Lex grew up on a small farm in Cottage Grove but now lives in Pleasant Springs. She services clients as far as 70 miles away. Yesterday she was working in Belvidere, Ill. She never travels alone. Her two dogs, Wrangler and Reba, accompany her everywhere.
Behind her truck she pulls a trailer stocked with all the tools of the trade, including a propane-fired forge used in blacksmithing.
Blacksmithing is one skill Lex wishes she had more experience in, but pre-made shoes are readily available these days, negating the need for a lot of hands-on work. “[Blacksmithing] is a little bit of a lost art because of all the pre-made shoes,” she explains. “I still do it to a degree, but being able to have products shipped to me is a tremendous time-saver.”
Trying one on for size
Today, Lex will see five horses before moving on to another farm.
Her ultimate goal is to protect against lameness. “A horse needs its nails trimmed about every six to eight weeks,” she says. That can take as little as 15 minutes on a barefoot horse or as much as 90 minutes if trimming and shoeing. Some horses are blessed with great hoof quality and function well without shoes, while others may need shoes for protection or orthopedic reasons. If a horse has an anatomical deformity, special shoes or other products can likely help resolve the issue, but a farrier cannot diagnose a problem.
“We work very, very closely with the veterinarian,” Lex says. The farrier is just a part of a horse’s care team, which typically includes the owner, trainer, vet, and an equine chiropractor or massage therapist.
On average, Lex may see 10 horses in a day and work between 50 to 60 hours a week. In general, area farriers charge between $40 and $60 for a simple nail trim, with shoeing of all four feet running as much as $180.
Before settling on this career, Lex spent 12 years as a food microbiology lab technician but was itching to do something on her own. About the same time, one of her own horses was having some problems so she started researching farriers. Horses had always been her passion, and it seemed like the perfect fit.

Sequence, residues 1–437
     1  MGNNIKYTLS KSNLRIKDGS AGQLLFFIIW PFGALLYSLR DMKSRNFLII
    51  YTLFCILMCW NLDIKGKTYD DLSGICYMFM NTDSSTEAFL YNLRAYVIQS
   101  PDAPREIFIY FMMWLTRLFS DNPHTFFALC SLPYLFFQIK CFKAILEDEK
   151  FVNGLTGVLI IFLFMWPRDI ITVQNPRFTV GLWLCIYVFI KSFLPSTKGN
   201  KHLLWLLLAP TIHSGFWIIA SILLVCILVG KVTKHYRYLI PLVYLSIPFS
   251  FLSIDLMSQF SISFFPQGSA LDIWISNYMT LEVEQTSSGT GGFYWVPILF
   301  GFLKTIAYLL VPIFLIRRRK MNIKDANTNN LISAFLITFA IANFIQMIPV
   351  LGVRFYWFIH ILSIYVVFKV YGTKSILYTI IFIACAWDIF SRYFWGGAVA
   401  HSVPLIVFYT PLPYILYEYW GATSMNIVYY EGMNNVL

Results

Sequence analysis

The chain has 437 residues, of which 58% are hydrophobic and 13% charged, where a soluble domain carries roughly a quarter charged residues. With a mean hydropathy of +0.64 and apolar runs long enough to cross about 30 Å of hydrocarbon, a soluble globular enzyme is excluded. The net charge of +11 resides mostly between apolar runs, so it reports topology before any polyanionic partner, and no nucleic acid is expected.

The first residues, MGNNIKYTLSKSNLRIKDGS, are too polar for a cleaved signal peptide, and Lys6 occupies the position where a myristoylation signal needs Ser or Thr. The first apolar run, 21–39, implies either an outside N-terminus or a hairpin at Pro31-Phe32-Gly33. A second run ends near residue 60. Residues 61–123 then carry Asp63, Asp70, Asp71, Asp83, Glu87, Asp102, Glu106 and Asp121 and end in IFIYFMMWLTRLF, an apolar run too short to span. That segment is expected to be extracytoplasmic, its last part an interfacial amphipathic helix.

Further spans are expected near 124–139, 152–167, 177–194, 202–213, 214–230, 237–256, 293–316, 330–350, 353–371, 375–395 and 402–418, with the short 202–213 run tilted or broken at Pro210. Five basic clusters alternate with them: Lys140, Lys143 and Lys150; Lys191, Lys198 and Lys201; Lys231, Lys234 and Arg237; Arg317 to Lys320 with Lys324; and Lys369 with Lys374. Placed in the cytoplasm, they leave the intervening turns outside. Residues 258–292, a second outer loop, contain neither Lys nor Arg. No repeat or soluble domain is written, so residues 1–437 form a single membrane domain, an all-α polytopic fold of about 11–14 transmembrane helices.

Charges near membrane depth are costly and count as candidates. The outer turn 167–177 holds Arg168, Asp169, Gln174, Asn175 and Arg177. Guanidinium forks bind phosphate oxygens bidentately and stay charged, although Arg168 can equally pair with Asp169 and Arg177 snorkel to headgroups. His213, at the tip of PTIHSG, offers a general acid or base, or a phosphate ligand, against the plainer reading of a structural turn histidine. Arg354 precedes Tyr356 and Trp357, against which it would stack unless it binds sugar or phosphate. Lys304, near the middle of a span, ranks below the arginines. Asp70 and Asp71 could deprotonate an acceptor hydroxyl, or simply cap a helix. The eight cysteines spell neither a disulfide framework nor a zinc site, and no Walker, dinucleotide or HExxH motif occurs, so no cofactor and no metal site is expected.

She used her vacations to attend farrier schools in Texas, Colorado, and Illinois, and eventually was introduced to Dean Johanningmeier, a hall-of-fame horseshoer and farrier at UW–Madison’s Veterinary School, who became her mentor.
It took three years before she was able to go full-time, and while she’s earning more than she ever did in the laboratory, she’s also responsible for her own expenses. A couple of years ago, arm surgeries set her back a bit.
There is no farrier license requirement in Wisconsin so Lex earns certifications from the Equine Lameness Prevention Organization in Colorado. She’s also training to become an equine body worker to learn the skills needed to help heal horses through touch, and she’s already seeing results. “If I take a few minutes to do something with a horse so it’s able to release that muscle or ligament or tendon that’s bothering them, they can behave and be a good citizen because it no longer hurts. It’s really helped my ability to problem solve as a farrier.”
With Kobi’s work complete, Tyler, a 19-year-old thoroughbred gelding and former racehorse, takes position in the barn. Lex strokes him gently. Tyler is her third horse of the morning.
“I love horses but really this is also about me maturing as a business person and developing a relationship with the horse owners. That’s the coolest part.”